Teach Us To Sit Still

A Sceptic’s Search for Health and Healing


“A searingly honest, viscerally vivid, darkly comic self-examination of the connections between writing, personality and health. Once I started reading it, I didn’t want to stop.”


“In a world dominated by cheap self-revelation and quack self-help, I suspect that Teach us to Sit Still may be the real thing: a work of genuine consolation that shows the way out of the dark wood of middle age in which everyone, at some time or another, will inevitably find themselves lost.”

Will Self, The Times

“Just when the medical profession had given up on me and I on it, just when I seemed to be walled up in a life sentence of chronic pain, someone proposed a bizarre way out: sit still, they said, and breathe. I sat still. I breathed. It seemed a tedious exercise at first, rather painful, not immediately effective. Eventually it proved so exciting, so transforming, physically and mentally, that I began to think my illness had been a stroke of luck.”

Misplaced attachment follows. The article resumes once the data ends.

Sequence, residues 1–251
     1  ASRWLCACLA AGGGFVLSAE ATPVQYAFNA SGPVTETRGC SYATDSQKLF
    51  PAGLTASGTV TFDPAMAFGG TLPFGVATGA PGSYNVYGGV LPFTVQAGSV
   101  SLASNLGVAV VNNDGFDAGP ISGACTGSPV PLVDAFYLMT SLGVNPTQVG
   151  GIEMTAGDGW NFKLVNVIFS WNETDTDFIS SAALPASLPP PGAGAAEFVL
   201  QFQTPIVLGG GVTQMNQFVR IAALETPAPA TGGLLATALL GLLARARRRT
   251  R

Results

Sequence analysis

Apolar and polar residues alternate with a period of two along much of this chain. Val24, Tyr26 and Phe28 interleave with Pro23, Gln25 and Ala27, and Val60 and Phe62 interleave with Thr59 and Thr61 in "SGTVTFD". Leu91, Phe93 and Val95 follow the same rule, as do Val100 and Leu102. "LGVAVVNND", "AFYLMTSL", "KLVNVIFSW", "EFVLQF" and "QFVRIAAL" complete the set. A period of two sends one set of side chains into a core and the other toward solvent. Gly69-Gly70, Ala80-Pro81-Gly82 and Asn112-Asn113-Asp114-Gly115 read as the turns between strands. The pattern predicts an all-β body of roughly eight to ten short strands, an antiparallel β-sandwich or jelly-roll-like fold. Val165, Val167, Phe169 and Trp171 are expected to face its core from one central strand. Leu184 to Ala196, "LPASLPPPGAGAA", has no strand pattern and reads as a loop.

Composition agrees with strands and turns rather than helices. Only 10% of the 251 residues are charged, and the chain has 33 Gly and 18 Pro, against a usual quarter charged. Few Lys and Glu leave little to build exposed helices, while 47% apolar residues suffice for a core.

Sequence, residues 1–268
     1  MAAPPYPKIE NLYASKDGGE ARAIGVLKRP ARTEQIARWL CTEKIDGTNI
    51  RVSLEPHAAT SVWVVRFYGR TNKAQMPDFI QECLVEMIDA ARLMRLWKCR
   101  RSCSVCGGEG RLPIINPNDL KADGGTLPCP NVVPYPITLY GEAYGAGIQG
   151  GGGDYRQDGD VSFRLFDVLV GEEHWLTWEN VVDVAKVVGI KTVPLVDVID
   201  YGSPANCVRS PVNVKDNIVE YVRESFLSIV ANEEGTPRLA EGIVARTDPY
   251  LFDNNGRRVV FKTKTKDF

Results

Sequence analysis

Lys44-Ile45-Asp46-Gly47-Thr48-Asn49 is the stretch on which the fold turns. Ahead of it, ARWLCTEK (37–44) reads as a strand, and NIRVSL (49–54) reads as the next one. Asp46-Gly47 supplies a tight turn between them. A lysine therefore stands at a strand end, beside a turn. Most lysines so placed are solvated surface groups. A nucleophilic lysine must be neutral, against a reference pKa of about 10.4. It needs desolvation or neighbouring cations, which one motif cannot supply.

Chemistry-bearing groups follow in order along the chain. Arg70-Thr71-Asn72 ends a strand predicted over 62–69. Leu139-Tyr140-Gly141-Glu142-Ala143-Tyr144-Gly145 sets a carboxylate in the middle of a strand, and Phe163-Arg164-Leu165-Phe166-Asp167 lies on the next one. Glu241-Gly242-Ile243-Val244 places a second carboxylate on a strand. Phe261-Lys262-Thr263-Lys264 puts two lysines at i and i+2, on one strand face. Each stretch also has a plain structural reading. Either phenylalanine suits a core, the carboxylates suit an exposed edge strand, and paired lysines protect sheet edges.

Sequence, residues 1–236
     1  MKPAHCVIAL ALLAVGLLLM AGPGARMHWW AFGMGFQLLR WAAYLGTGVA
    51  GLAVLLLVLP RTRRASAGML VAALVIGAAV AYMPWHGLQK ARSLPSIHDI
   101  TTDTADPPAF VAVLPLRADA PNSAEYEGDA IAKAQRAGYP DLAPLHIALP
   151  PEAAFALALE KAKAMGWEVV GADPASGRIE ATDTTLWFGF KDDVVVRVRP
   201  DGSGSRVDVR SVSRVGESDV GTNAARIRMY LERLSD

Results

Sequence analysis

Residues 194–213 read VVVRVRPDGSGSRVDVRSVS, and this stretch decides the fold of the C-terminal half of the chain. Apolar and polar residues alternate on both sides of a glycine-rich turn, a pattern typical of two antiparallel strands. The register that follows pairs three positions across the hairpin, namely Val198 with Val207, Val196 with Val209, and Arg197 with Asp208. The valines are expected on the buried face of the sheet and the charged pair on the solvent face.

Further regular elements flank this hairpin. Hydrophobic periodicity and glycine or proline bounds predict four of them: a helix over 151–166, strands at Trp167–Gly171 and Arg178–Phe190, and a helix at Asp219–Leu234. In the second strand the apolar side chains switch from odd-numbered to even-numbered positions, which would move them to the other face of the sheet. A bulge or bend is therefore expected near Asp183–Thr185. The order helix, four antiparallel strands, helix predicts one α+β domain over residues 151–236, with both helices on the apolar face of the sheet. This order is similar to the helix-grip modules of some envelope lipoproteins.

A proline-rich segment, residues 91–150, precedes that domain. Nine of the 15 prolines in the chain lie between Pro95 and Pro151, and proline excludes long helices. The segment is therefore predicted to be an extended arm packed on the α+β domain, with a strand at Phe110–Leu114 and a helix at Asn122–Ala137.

This is a book about the last four or five difficult but exciting years, the onset of an unpleasant and chronic health condition, a medical odyssey, a growing sense of how deeply what was happening was integrated with every aspect of my life and psyche. And then, rather wonderfully, the key that turned the lock to get me out of gaol.


Here are a few endorsements:

Tim Parks has written an intensely personal response to a confrontation with that most dreaded of terrors: the indications of a potentially fatal medical condition. Parks gives a clear-sighted, thoughtful and strangely moving account of his own experiences, and brings to them an uncommon blend of wit, lightly-worn scholarship, and heartbreaking candour. A remarkable book.


A mystery story written with extraordinary nerve and eloquence, Teach us To Sit Still traces the contradictions in the author’s character and his attempt to bring body and mind together and escape from a seriously debilitating condition. The result is harrowing, mordant, and unforgettable.


This is a startlingly brave book – embarrassing health problems don’t usually make comfortable friendships with philosophy, art and history, seasoned with a dash of Buddhist meditation. But since Tim Parks writes so wonderfully well and is so genuinely clever it works. It works very well indeed. Sensible, lyrical, wide ranging, generous hearted and in places very touching.


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